Have you noticed that supermarket checkout aisles are increasingly narrower? This is done to discourage shoppers from ditching items last minute. It’s ideal to return an item to the aisle and shelf where you found it. Or perhaps to give the unwanted item back to an employee. However, don’t let the confines of the checkout lane keep you from getting rid of something you added to your cart on a whim or at a child’s request.
6. Go beyond milk, bread, bananas and eggs when comparison shopping.
These four items are typically what consumers use to compare prices between stores. You will have an easier time identifying deals if you make a longer list and compare prices of more than just these four items. Create a spreadsheet and print it off when you go to the store. Or download one of these shopping apps to help you compare prices. For example, Wal-mart in our area is usually more expensive in many every day grocery items than our local Kroger or even Target. If you don’t mind generic, store brands Aldi’s is a great option as well on a variety of items.
7. Start shopping in the middle or permitter of the store.
Often stores will have produce at the front of the store. The bright colors and rich smells are there to put you in the shopping mode. Stick to your budget by starting in the middle of the store. This means you will often start with the canned goods and less vibrant color products. Shopping the perimeter will also help you save money.
8. Wear headphones and listen to upbeat music while you shop.
Stores will intentionally play music with a slower beat to encourage shoppers to move slowly through the aisles and buy more products. Put on your favorite workout music and power through the store as you shop.
9. Double-check the details of a sale price.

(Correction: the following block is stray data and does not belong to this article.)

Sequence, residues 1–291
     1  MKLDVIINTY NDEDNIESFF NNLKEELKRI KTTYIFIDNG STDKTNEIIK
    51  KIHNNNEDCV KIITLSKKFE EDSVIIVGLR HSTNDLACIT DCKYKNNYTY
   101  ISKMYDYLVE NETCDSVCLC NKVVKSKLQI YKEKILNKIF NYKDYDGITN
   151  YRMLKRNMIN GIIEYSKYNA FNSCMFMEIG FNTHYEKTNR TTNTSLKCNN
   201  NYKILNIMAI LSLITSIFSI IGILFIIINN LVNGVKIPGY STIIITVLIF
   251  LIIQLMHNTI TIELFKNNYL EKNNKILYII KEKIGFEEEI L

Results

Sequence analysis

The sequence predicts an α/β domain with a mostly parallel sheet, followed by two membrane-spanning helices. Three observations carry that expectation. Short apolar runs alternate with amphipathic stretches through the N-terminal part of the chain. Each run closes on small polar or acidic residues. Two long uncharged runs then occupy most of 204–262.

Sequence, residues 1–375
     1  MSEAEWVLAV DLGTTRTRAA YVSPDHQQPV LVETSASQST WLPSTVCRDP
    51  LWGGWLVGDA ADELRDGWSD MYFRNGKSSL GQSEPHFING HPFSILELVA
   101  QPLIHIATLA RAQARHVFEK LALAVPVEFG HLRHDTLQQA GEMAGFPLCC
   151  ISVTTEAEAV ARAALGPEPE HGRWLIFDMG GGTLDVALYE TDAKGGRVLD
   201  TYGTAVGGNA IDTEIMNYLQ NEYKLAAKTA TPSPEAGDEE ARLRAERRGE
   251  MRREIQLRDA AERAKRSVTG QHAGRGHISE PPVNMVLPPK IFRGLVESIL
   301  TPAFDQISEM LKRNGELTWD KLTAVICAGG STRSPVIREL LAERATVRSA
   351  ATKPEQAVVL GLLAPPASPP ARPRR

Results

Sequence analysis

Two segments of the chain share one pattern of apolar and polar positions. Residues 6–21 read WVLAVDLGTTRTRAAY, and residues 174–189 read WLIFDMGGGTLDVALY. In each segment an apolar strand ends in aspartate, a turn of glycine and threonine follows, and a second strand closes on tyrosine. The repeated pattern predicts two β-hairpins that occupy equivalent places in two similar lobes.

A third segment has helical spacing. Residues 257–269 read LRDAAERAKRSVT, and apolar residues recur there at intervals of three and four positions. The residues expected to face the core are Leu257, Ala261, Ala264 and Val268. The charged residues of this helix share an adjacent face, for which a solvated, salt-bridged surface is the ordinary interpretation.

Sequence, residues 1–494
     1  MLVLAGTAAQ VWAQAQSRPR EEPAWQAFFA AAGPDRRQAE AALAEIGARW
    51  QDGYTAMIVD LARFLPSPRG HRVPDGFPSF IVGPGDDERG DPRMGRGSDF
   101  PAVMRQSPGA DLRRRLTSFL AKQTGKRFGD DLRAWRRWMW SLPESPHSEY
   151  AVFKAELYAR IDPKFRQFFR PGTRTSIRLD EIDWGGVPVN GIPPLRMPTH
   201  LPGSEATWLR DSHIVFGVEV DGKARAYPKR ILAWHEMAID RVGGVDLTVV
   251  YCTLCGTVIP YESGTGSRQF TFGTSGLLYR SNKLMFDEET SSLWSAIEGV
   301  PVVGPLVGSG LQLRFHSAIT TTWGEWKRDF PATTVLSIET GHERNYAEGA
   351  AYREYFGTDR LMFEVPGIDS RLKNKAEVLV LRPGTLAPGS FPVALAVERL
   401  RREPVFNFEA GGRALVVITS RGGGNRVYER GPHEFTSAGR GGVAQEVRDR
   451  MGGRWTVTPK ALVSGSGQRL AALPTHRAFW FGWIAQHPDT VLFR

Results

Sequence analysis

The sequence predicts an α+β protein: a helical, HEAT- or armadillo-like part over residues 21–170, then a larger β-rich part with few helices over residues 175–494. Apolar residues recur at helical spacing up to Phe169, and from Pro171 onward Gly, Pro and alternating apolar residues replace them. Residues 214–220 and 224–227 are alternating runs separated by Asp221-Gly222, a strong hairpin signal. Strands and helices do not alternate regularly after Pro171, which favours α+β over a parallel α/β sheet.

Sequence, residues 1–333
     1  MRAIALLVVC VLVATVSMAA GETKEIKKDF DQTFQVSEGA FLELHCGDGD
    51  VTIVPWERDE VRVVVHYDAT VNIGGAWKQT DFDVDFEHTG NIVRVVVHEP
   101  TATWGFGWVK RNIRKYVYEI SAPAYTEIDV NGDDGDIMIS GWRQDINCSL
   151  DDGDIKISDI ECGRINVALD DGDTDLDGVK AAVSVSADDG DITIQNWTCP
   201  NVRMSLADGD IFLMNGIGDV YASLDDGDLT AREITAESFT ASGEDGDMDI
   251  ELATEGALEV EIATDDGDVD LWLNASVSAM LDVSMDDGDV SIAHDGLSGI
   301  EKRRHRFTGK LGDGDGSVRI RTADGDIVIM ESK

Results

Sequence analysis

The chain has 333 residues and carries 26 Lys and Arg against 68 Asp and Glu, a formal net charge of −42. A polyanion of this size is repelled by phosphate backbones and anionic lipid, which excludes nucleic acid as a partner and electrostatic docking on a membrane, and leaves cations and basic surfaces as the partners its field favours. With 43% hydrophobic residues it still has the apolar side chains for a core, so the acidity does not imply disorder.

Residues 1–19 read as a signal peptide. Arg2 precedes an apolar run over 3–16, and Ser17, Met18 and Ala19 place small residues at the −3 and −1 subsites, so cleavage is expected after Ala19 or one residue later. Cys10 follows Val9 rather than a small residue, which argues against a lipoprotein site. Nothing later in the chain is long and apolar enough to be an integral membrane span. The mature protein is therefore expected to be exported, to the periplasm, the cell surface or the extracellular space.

Stores will advertise a sale on a certain package. A sale may apply to a certain size package. However, the store will advertise the discount between the sale price item and a different sized, non-sale price item. For example, the small size of the cereal Honey Nut Cheerios was on sale for $1.99 in a “save $5 when you purchase 5 items” this weekend at our local store. When I looked a little closer the larger family size box of Honey Nut Cheerios was also on sale for $1.99. I went home with the family size simply by comparing prices.
10. Don’t assume endcap displays signal good deals.
Supermarkets will often sell end-of-the-aisle displays so a specific product is displayed. Just because a product is positioned in this manner does not mean it is necessarily a good deal.
So how did you do with the list above? What other habits help you save money while shopping?
Here’s some further resources shopping tips:
7. Eat More Meals at Home
Here’s 6 tips to help you eat more meals at home.
1. Create a menu plan.
If you don’t have a meal plan it can be really difficult to eat at home. Check out these 5 simple ways to start a meal plan.
2. Have a few fast food meals available.
While a good idea, this isn’t something to fall back on every night. Try to keep handy pizza, sandwich makings, or frozen pasta for those days that cooking simply isn’t an option. This particularly helpful when you are doing projects around the house like painting, building a tree bench, a long day of selling lemonade, adding a deck to your backyard.
3. Stock your pantry with staples.
These are similar to fast food meals. Staples are probably healthier would include tuna, spaghetti sauce, pasta, flour, cheese, tortillas, frozen vegetables, frozen meat, rice, and beans. Check out this list of staples to keep around the house.
4. Find copycat recipes of your favorite meals.
5. Use paper plates.
Dirty dishes can be an enticing motivation to think about going out to eat. Probably not something to use with every meal, paper plates can be quite helpful depending on your season of life. Check out this website for easy, one-dish meal ideas.
6. Be realistic.
Don’t put the pressure on yourself to become a master chef overnight. Keep meals simple if your family is adjusting to eating at home more. If you have been used to mac and cheese don’t plan an elaborate menu with exotic ingredients the first few weeks of your meal plan. Set yourself up for success. Don’t bit off more than you can chew.
Are you ready to create your meal plan and eat more meals at home?
Want another resource? Check out this couponing article from Quill:
What are your best tips to save money? Add to this list and comment below!